What is it that makes a culture a culture? When people are forced to move away from their land of origin, away from where their ancestors established homes and lives and customs, what keeps a way of life alive? What is culture without a place? If a rabbi says a prayer outside of a synagogue, is God still listening?
As the latest Holocaust narrative to hit movie theatres, In Darkness comes at a time when the time period desperately needs a new approach. We’ve all read Night and The Diary of Anne Frank; the public is thirsty for new stories from this time period. Similar to the book The Druggist of Auschwitz, Darkness alters the classic Holocaust narrative. Not all Nazis are evil and mindless, nor are all Jews lambs being led to the slaughter.
We’re all tired of Bella and Edward. More than that, we’re all tired of teenagers whining about problems that affect mostly them. There are a lot of far-reaching problems that affect young people: class tension, global warming, racial tensions. And of course the problem that has always plagued families with young children: hunger. How will the family feed itself? And is there anything that the most helpless group within the family, the children, can do to ease this burden?
This is the question that reigns throughout The Hunger Games: What can the young people do to help solve the world’s problems? The world is run by people with much more money and power, Even the Games themselves, constructed to glorify the young people of Panem (the post-apocalyptic replacement for North America) is all a construction of the rich grown-ups. Two children/adolescents from districts surrounding the obscenely wealthy Capitol are selected randomly, showered with wealth, then expected to kill children from other districts whom they have never met for even more wealth and glory. While being broadcast on national television, of course. And this is what makes the difference-the magic of television means that every victory earned by the children is constructed in some way, every action leading up to it smelling artificial. It’s all a game.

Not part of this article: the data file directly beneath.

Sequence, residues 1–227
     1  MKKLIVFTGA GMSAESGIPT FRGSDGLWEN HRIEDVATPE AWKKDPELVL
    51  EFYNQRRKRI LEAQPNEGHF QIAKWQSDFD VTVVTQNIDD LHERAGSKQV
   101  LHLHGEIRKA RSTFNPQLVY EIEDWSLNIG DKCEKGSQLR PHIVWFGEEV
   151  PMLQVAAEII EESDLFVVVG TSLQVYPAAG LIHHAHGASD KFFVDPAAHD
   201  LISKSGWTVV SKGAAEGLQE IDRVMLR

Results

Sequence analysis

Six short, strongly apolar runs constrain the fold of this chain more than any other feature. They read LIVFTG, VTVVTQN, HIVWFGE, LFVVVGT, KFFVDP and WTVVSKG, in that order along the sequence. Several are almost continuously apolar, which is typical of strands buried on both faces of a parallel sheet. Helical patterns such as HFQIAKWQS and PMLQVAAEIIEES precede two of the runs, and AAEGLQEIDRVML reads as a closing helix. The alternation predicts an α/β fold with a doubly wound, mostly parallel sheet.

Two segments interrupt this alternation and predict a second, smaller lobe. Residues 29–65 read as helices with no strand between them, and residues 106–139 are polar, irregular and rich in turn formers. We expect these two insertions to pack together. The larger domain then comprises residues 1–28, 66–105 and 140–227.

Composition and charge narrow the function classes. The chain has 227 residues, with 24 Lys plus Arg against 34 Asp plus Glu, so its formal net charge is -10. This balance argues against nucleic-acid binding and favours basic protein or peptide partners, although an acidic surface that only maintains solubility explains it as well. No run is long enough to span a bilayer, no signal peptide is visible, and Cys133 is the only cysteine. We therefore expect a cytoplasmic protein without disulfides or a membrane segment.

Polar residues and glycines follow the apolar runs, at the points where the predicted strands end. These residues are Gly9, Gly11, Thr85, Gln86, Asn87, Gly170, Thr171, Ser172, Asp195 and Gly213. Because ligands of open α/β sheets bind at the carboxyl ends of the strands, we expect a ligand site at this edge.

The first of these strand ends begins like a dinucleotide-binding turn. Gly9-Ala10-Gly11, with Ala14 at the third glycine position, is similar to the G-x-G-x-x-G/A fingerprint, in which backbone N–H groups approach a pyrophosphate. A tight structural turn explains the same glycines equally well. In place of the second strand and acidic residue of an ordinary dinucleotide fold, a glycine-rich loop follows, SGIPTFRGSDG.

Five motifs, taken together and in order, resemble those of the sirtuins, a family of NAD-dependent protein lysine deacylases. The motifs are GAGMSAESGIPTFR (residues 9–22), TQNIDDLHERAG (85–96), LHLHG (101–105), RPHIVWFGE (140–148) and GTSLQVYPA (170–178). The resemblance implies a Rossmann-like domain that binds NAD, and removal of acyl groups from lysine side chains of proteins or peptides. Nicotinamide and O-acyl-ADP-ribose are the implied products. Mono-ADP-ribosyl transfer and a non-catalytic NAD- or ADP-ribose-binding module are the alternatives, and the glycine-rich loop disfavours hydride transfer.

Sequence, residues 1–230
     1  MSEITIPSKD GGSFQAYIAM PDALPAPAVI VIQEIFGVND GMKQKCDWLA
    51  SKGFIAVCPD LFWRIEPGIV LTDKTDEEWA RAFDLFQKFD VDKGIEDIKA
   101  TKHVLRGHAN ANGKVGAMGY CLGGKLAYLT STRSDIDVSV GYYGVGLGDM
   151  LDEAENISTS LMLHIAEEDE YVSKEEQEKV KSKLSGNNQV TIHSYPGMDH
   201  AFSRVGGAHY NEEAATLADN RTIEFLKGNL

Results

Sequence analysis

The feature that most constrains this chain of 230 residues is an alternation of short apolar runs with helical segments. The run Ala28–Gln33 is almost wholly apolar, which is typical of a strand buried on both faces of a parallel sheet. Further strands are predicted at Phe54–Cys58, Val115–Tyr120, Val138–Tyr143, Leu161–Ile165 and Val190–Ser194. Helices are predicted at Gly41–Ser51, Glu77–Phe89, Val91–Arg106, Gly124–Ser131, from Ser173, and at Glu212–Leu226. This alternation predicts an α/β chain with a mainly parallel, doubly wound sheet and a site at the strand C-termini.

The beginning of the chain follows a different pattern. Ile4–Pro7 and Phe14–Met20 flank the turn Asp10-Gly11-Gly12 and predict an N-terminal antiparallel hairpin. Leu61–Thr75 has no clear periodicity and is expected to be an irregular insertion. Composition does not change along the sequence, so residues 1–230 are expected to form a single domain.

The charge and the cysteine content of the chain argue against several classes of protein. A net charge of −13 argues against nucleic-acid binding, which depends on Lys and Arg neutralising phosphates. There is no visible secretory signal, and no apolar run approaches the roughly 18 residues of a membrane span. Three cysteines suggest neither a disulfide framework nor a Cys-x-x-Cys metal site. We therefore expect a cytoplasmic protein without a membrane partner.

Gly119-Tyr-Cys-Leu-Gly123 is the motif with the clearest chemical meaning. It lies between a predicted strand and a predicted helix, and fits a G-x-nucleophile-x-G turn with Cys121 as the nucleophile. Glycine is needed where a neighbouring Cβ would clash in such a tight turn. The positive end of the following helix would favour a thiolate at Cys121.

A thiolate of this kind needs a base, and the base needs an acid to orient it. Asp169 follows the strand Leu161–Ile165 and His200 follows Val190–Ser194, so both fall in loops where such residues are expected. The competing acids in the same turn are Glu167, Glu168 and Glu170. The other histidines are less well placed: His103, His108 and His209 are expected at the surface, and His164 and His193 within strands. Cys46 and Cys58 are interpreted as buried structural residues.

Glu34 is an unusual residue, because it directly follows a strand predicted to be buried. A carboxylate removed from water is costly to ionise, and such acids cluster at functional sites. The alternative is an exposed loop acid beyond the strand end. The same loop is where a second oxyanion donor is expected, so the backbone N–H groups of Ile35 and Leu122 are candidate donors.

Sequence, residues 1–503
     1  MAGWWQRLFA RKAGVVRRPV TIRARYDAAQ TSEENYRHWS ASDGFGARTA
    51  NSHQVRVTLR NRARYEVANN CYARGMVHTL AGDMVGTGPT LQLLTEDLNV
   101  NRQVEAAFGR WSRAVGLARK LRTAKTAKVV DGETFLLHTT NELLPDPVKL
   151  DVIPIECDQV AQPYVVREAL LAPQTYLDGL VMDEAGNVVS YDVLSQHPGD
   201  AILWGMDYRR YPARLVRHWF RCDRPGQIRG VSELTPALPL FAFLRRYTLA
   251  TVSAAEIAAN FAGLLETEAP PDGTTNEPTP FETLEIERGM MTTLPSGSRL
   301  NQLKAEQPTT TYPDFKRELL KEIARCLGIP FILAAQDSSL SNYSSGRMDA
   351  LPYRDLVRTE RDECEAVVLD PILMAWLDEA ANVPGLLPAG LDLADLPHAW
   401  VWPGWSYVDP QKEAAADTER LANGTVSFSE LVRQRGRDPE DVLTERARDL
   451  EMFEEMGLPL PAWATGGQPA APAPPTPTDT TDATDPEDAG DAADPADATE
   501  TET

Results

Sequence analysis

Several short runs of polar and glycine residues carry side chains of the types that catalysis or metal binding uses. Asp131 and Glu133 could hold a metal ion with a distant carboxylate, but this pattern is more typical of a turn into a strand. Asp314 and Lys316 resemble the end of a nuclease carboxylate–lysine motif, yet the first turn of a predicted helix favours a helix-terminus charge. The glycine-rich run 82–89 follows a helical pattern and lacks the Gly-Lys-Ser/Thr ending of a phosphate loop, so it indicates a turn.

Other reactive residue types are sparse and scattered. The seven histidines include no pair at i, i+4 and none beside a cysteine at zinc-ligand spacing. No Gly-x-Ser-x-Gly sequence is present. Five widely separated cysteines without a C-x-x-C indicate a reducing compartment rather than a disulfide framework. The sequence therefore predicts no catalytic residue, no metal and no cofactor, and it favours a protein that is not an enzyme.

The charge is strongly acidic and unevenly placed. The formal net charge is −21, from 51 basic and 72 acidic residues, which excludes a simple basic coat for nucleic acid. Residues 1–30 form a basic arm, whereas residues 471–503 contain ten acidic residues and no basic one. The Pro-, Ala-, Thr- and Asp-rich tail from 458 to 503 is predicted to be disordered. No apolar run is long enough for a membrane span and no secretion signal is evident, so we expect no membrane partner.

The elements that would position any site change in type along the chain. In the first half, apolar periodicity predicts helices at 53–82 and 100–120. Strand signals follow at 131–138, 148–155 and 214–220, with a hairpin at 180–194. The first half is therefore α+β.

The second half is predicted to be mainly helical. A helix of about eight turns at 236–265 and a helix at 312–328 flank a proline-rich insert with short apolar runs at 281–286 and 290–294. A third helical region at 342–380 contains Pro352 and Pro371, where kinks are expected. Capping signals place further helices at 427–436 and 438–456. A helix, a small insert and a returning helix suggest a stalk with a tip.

“Harry Potter? That weird kid with the glasses? The one who waves that stick around, shouting random stuff? The one who easily wins against the Dark Lord so easily?”
“Weird kid with the glasses? Dude, he’s a wizard. Waving a stick, shouting random stuff? He’s using a wand and casting spells. Wins so easily? Are you kidding me? The Dark Lord was defeated after numerous sacrifices and deaths. Ha, what do you, a person who has never experienced the amazing magic, know about the world of Harry Potter?”
Honestly, I pity the folks who have not been enchanted by Ms. Rowling’s beautiful world of witchcraft and wizardry.
I know it’s been several months since the last film came out. And 5 years since the book was released. But the magic lives on, through the fans, through Pottermore, through the Facebook pages and through fanfiction.
The magic shall never die.
(Note: Anime and cartoons are two completely different things.)
Anime. Japanese animation, basically. You’d expect this to have an influence only in Japan, but that is not the case. Rather, anime has captured the interest of people all over the world. Or at least those people who give anime a chance to display it’s amazing aspects. I began watching anime about two years ago. At that time, however, I was not greatly captured by it, as my mind was too immature to comprehend the deep stories. Hence, I only managed to watch one anime: Death Note.
Unfortunately, I did not watch any other anime after that for a whole year. Then, I decided to give it another chance. I was 13 then and had just entered the brutal teenage life, hence anime proved to be a great distraction (along with other things). It was then that I realized that I had watched anime even as a kid. Remember those ‘cartoons’ on Cartoon Network? Pokemon? Digimon? Beyblade? Dragon Ball Z? Yeah, those were anime. And, admit it, you loved them. Continue Reading